Sheard acknowledged “having daycare in place was essential to the plaintiff’s ability to work outside of the home.”
However, Peternel “failed to provide Custom with key information about her need for accommodation,” the decision says.
Employers in Ontario are not allowed to discriminate because of an employee’s family status. The Ontario Human Rights Code defines family status as “the status of being in a parent and child relationship.”
“The bottom line with family status accommodation is that employers have to accommodate the legitimate needs and obligations by parents toward their children, and that includes child-care obligations,” says Lorenzo Lisi, a partner at Aird & Berlis LLP in Toronto, who has written about family status accommodation in the workplace.
Sheard dismissed all charges against the company and, in August, she ordered Peternel to pay the company $54,108.36.
Peternel is appealing both decisions, an appeal filed in August says. Marc Munro, an associate at Graydon Sheppard PC in Hamilton, Ont., who represented Peternel, and K. C. Wysynski, an associate at Simpson Wigle Law LLP in Hamilton, who represented Custom, declined to comment on the case for Law Times.
Peternel began working for Custom in 2010. In August 2011, she became a scheduler for the company, the decision says. The ability to respond to early-morning calls and attend morning meetings was important for the position, the decision says.
Because Peternel often couldn’t come into Custom’s office until later in the morning, the company gave her a cellphone she used to make work calls from her home.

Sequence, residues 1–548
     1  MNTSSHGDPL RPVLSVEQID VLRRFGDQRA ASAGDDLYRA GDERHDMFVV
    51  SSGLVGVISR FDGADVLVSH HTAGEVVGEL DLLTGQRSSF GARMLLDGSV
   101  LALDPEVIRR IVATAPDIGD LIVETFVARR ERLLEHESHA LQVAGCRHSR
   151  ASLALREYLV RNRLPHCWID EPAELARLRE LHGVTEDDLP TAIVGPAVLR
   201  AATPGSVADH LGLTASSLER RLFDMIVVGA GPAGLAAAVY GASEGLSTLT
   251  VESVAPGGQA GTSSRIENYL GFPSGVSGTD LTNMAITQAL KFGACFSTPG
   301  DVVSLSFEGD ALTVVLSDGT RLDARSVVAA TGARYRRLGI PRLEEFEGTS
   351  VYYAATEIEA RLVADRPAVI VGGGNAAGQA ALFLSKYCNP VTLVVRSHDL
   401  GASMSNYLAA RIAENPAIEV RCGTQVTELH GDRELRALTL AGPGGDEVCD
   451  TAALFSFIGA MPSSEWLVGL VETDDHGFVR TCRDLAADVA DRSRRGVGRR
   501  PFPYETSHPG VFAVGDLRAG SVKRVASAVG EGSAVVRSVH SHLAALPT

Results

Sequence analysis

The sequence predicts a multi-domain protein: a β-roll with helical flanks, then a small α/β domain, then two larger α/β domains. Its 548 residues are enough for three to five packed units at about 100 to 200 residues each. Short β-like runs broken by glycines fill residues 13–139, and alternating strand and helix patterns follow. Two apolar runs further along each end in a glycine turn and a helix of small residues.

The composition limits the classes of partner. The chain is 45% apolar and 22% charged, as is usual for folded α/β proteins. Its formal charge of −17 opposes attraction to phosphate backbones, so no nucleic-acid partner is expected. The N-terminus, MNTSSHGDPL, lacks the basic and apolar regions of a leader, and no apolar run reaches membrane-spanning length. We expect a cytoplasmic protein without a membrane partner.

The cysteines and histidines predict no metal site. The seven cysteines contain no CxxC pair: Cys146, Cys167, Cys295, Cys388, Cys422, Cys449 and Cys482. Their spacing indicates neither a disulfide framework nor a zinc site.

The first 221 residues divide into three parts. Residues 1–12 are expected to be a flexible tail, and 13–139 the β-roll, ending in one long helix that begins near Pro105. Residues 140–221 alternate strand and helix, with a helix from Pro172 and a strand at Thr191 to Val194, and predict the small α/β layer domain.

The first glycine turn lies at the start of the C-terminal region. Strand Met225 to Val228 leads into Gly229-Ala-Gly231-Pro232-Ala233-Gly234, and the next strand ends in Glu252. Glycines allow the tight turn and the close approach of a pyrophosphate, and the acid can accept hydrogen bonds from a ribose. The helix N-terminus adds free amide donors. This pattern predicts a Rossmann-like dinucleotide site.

The decision describes how Peternel told her employer she couldn’t come into work earlier because she needed to take her children to the school bus, but her mother, who lived with her, was often available to watch the children.
Changes had occurred at Custom while Peternel was on maternity leave that meant she needed to be in the office at 8:30 a.m. Custom told Peternel about this change at a meeting in January 2015 to arrange her return to work. Peternel then said she could not be in the office at that time, the decision says, because her mother no longer lived with her, and she still needed to find daycare for two of her children before school.
Peternel did not return to work at Custom. The decision “highlights the importance of the contextual analysis with respect to the request for accommodation,” says Lisi.
“There’s an obligation on complainants, people who seek the protection of the family status provision, to see that they’re also participating in their own accommodation,” he says.
The decision describes how Peternel said lack of child care put her in “a Catch-22 situation: without a firm date on which she was to resume working at Custom, she did not wish to start paying for daycare; she also knew that unless she paid for daycare, she would lose her spots, making it impossible for her to resume her employment.”
Custom offered her an alternative position, at a comparable salary, that would allow her to start work at 10 a.m., the decision says.
“(Peternel) did not respond at all to Custom’s option ‘B,’” Sheard wrote.
The decision shows how “the court is still grappling, to some degree, with how to analyze and apply the duty to accommodate family status in Ontario,” says Heather Ann McConnell, a partner at Goldblatt Partners LLP in Toronto.
McConnell says the question of what the right test is “hasn’t been fully settled by the court in this case.”
“The courts and tribunals are batting around the tests right now,” says Natalie MacDonald, founder of MacDonald & Associates, an employment law firm in Toronto, who says she gets inquiries about family status accommodation every day.
“Courts place a great emphasis on the issue of whether or not the employee has worked with the employer in the accommodation process,” she says.